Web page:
Not everyone that is lazy is also concerned about getting over their laziness. But some people, who are lazy, recognize it and want to do something about it. A direct assault on this kind of problem may not always be the best approach. This article discusses a specific step that a lazy person can take – which may serve to “soften up” their own internal enemy of sloth.
Even a lazy person will move when they are directly confronted by a person that they really respect. Evidently, this means that “a person that they really respect” does not include the lazy person themselves – since, by definition, a lazy person will not follow his own “orders” when it comes to work. (Again, in this case, we are discussing the example of a person who is both lazy and who wishes that he were not lazy.) So why is it that a person would fail to “respect” themselves?
Looking for clues …
Maybe we could find some clues by studying the common traits that exist in the personalities of successful people. Successful people do not waste time spinning their wheels in self-pity. On the other hand, folks whose lives are characterized by low productivity are often (not always, but often) awash in self-pity and blaming others for their troubles. Could there be a chain of cause and effect here? In other words, perhaps the mental action of self-pity results in a reduced sense of self-value – aka: “reduced self-respect.” And once a person’s self-respect has been sufficiently damaged, it follows that their self-control will also be compromised. Look at it this way: Would you take advice and direction from a person for whom you had no respect?
Why is self-pity so unhealthy?
Lets explore the mechanism, for a moment. In other words, lets see if we can understand how, exactly, self-pity might result in a lowered sense of self-respect. Of course, we all know, intuitively, that self-pity is not healthy. Hopefully, by taking a closer look at it, we can see exactly why it is so unhealthy.
Perhaps, what is happening internally, goes like this:
A person responds to some difficult situation by indulging in self-pity. The act of self-pity trains him to view his problems as “someone else’s fault.” At one level, he is probably aware that insincere blame-shifting is occurring in his own mind. The person may even realize that the choice of self-pity is, inadvertently, a way of training himself to view the world in an inaccurate & unhelpful way. In any case, at some level, this kind of person will be disgusted with himself over his own refusal to face reality head-on. Self-disgust translates into reduced self-respect. Reduced self-respect means reduced self-control.
When difficult decisions come up, we naturally look to people who have a solid grasp on reality for guidance. Since our example person has already established that he does not have (does not want?) a solid grasp on reality, he therefore, automatically, has another good reason to ignore his own self-guidance. Who in their right mind would want to take direction from a person who lives in a world of partial fantasy? Self-pity creates a world of partial fantasy. A person who chooses illusion over reality will, naturally, cease to respect himself. Reduced self-respect means reduced self-control.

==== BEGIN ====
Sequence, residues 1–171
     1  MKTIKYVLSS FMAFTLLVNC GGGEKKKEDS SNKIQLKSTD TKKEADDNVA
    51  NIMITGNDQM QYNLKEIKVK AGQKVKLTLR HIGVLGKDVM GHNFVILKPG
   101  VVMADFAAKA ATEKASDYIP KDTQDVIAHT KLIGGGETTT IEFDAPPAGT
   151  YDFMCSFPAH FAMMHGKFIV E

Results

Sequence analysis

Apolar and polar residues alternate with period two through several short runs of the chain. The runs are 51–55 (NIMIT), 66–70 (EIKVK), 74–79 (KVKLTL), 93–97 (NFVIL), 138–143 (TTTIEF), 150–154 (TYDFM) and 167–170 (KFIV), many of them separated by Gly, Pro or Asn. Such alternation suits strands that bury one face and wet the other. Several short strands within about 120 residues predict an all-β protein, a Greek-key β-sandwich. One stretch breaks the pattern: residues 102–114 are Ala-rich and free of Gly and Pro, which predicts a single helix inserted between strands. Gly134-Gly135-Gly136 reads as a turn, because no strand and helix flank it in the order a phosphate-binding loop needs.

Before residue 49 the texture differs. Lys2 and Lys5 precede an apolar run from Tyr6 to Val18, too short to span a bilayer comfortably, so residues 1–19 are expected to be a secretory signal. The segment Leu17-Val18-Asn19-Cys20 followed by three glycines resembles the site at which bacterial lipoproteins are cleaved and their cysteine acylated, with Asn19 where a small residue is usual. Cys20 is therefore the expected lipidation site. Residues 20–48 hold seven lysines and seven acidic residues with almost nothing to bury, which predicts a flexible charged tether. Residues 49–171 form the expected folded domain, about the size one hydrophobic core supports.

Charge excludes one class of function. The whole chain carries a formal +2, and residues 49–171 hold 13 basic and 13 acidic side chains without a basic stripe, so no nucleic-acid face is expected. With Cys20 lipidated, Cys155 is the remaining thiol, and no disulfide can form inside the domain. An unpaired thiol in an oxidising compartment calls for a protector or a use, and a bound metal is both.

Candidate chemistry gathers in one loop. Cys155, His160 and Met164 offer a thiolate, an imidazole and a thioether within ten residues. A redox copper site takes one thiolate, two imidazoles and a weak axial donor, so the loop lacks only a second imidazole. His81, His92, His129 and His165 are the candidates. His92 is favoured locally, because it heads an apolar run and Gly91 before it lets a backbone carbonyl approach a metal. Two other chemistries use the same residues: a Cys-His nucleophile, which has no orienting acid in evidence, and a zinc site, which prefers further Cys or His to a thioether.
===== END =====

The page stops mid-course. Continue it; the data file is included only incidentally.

A hidden, secondary cost
So here is the take-home for people who find themselves suffering from laziness: Stop wallowing in self-pity! When those tempting thoughts come up, remind yourself that, for every second that is frittered away in self-pity, there is a hidden, secondary cost, in that it also drains away your own self-respect. And as a person looses self-respect, he looses self-control. Alternatively, as a person gains self-respect, he also gains self-control.
Giving up self-pity might sound like a no-brainer, but, in practice, it could actually be a real struggle. It is an imaginary world of blame shifting. The payoff is a momentary sense of freedom from guilt, shame and responsibility. Moral judgements are made without taking into consideration how one’s own actions and responsibilities have factored into the present state of the world. The thinking might go like this: If “everyone” agrees that I am right, then how could I possibly be wrong!? The missing ingredient here is failing to remember that “everyone” and everything in the world of self-pity is still imaginary. It will take some courage to let it go, but you can do it. Keep your eyes on the prize.
You will hear a voice speaking …
By letting go of your self-pity, you are plugging a hole in your soul’s vessel of realness and meaningfulness. As it slowly re-fills, you will replenish your reservoir of self-respect. And once there is enough there, something truly wonderful will happen. Life will hand you (as it often does) a difficult decision. It will be a decision that requires sustained action and effort – just the kind of thing that you would have avoided in the past. But now, you will say to yourself: “Do It!” … and you will hear a voice speaking – one that you, yourself respect. And then you will do it.